Complaining families "threatened with care home visiting bans"

Cardiff-based campaign group FreshTies says relatives of care home residents have been told they would be forbidden from visiting their loved ones if they continue complaining.

And many families fear staff will mistreat their relatives if they publicly speak out against the standard of care, the organisation claims.

One concerned man told Wales on Sunday a care home threatened to evict his mother or bar him from seeing her as a result of his complaints.

FreshTies has called on the Welsh Government to introduce independent, voluntary care home visitors to act as confidential advocates for residents and family members.

The proposals have been welcomed by elderly welfare campaigners, and the Care and Social Services Inspectorate Wales (CSSIW) has contacted FreshTies to discuss the campaign.

Ashish Poddar, founder of FreshTies, said: “There is no good reason why care homes and local authorities should object. It’s time for action. They need to start listening to the families and residents and fulfilling their duty of care. We have a practical scheme, and they should get behind it and support it.”

Mr Poddar said he was shocked after FreshTies received 22 reports of problems in care homes within three weeks of launching an appeal for information.

Families have claimed complaints on issues such as cleanliness and healthcare were being overlooked by care homes and councils.

“Alarmingly, they say that when they talk to the local authority and they keep chasing it, it’s as if they are the problem,” said Mr Poddar.

“They are actually threatened with being banned – these are the big concerns.”

One Welshman, whose 92-year-old mum suffers from dementia and is a care home resident, said he discovered issues including carers failing to give his mother prescription tablets.

The 63-year-old, who would only speak on the condition of anonymity, said: “As far as I am concerned the council have done very little to investigate my concerns.

“Their attitude in my opinion is to defend the care home owners at every opportunity to the extent I was told my mum's care home might evict her or I would be barred.

“My overall reaction is disgust with the system.”

FreshTies plans to build an online map of complaints it receives to help understand the scale of the problems faced by families and care home residents.

The Care and Social Services Inspectorate Wales (CSSIW) said all its inspections on care homes were unannounced.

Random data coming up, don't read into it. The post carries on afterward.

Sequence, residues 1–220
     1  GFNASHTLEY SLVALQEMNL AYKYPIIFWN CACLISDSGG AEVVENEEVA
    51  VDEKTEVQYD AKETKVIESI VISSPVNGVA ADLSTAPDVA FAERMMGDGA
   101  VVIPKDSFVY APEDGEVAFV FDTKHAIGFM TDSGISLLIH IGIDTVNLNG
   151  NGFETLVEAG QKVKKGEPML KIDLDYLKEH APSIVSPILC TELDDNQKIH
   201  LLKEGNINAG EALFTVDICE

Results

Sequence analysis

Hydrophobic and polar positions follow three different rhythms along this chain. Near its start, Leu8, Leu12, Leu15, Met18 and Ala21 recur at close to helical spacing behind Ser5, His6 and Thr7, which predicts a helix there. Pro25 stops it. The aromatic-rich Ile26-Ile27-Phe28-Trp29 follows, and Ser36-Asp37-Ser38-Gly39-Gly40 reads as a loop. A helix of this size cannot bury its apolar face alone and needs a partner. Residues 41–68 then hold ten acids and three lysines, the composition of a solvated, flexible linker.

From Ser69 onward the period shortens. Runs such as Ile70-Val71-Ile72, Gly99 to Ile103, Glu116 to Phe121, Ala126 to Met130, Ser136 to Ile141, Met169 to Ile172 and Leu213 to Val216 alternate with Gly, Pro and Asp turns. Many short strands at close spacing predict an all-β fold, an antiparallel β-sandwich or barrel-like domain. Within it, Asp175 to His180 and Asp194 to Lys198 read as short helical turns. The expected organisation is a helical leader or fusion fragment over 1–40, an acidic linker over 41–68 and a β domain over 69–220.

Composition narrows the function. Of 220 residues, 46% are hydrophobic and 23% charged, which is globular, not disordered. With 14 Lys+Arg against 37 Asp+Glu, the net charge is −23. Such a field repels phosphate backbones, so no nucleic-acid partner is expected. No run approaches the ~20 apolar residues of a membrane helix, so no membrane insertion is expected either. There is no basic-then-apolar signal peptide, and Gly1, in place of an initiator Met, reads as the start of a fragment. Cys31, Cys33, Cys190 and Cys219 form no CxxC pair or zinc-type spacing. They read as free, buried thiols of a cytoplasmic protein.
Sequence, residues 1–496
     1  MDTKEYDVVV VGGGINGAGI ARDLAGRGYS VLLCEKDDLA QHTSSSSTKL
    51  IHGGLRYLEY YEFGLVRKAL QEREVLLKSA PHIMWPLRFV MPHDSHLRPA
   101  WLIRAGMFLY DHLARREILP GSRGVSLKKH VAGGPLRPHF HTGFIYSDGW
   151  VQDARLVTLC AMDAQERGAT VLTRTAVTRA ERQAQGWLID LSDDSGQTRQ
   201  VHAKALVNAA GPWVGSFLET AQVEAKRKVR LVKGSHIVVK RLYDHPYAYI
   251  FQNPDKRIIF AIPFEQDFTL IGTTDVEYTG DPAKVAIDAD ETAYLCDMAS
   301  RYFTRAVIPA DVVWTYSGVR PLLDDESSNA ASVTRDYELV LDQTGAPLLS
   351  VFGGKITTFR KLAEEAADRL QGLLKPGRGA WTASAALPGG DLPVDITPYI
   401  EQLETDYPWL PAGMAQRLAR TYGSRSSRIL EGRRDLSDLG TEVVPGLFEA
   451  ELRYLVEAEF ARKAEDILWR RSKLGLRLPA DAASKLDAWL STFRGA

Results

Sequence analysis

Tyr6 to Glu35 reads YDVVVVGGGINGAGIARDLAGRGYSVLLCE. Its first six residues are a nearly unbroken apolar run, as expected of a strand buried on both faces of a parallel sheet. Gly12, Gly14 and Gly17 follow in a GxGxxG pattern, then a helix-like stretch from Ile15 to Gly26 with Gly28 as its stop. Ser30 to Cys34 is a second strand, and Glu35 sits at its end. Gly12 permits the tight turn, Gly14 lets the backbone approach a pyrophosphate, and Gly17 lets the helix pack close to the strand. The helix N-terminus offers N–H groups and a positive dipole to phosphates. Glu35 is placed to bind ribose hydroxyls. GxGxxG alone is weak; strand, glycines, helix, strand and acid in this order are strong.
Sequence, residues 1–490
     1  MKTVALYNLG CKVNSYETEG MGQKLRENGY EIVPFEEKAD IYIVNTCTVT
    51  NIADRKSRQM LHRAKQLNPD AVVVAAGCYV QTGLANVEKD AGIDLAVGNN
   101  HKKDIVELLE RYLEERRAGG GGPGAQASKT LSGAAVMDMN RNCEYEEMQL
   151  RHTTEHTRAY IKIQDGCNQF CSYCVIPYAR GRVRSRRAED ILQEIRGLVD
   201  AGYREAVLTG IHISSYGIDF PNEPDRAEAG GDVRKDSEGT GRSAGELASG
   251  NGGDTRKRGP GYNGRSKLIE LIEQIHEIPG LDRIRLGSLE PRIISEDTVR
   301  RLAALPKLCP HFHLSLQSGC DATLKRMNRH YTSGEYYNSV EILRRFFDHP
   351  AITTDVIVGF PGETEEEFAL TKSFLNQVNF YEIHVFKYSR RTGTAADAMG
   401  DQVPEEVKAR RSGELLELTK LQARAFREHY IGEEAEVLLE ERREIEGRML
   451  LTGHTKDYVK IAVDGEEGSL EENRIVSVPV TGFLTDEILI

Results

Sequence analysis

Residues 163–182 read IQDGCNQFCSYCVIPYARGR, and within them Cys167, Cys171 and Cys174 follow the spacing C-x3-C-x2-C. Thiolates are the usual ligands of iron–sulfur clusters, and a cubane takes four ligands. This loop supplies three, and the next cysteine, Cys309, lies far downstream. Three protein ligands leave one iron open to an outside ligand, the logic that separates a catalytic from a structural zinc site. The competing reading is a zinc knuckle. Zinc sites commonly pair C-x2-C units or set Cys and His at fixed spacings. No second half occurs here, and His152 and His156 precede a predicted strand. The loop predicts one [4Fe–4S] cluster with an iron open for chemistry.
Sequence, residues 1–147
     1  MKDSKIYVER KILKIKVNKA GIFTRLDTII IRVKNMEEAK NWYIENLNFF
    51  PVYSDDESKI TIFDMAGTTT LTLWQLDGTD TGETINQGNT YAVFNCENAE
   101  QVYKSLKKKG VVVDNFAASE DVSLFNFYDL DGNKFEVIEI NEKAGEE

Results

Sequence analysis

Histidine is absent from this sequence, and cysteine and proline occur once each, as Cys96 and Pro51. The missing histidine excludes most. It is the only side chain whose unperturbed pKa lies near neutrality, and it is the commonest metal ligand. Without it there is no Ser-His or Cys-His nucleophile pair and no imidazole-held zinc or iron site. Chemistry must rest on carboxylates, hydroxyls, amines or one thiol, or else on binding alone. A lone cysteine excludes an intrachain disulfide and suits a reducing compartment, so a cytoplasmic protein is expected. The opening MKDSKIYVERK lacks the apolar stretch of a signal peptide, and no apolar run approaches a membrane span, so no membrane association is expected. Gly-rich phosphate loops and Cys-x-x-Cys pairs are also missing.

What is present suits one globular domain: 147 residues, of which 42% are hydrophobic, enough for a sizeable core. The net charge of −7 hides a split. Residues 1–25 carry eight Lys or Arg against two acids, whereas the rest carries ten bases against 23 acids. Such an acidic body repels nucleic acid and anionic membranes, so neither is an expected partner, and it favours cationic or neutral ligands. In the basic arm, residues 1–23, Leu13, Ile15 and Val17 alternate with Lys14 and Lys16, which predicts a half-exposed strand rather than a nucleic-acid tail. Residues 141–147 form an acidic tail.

A spokeswoman said: “Care and Social Services Inspectorate Wales (CSSIW) is committed to ensuring that the people using care services are heard, and that their experiences are at the heart of everything we do. We’ve recently changed the way we inspect and report on regulated services. All of our inspections to care homes are unannounced, and as well as checking adult care homes are being run to meet national minimum standards, our inspectors now spend more time listening and speaking to residents about their experiences. We are also working on a number of projects that will enable us to listen to people about their experiences. These include advisory panels where people can give us feedback about the way we work, and a pilot scheme to look at how independent visitors to care homes can contribute directly to the assessment and improvement to services. We are aware of FreshTies’ campaign and are in contact with them to find out more about their work.”

Iwan Rhys Roberts, spokesman for Age Cymru said: “Care homes are communities within our communities, and residents, their relatives and staff are the people who make up those communities.

“Broadly speaking, Age Cymru would welcome moves to enrich the lives of people who are involved with care home communities and that would include empowering them to have a say on the matters that are important to them.”

Visit www.FreshTies.com/campaigns for more details on the campaign.



Sourced from Wales Online, 22nd July 2012.